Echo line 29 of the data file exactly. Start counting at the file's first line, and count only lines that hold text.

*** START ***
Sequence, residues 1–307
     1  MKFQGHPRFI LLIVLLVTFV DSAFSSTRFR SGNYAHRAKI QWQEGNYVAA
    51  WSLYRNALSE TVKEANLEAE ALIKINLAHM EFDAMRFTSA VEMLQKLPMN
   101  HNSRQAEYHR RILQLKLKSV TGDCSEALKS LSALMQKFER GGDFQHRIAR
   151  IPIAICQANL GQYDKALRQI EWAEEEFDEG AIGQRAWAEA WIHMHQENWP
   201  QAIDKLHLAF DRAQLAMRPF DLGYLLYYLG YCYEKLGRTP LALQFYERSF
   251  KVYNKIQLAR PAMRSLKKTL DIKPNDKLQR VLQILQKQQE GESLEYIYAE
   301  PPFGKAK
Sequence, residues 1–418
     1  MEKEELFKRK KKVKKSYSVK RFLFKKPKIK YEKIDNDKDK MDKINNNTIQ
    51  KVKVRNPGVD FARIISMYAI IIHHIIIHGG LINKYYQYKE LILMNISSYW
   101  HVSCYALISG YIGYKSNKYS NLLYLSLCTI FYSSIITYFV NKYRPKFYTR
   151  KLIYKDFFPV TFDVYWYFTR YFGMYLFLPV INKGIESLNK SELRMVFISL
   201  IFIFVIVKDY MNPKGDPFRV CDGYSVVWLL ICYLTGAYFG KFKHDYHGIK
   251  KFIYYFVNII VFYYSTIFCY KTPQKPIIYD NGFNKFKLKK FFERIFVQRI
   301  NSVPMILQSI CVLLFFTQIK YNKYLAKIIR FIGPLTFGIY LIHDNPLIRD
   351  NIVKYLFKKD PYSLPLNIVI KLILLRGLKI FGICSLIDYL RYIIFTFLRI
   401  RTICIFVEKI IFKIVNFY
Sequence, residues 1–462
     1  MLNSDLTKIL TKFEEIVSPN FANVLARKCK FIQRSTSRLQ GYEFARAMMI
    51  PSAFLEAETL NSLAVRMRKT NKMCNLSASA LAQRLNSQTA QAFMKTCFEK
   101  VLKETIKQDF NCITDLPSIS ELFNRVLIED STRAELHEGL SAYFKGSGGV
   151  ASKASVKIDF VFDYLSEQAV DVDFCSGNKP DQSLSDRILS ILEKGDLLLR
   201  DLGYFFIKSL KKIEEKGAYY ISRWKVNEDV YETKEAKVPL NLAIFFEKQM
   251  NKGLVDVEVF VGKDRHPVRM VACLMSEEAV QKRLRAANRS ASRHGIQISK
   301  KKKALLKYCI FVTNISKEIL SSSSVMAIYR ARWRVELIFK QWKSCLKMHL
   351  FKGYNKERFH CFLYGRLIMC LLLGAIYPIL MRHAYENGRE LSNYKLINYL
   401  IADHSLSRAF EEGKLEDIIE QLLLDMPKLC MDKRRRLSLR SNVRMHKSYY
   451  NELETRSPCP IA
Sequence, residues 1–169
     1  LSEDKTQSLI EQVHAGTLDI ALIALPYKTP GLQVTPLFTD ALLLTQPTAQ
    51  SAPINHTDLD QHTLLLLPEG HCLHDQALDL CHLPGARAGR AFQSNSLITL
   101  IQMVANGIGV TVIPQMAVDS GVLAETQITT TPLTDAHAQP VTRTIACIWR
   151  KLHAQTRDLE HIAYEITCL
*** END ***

   451  NELETRSPCP IA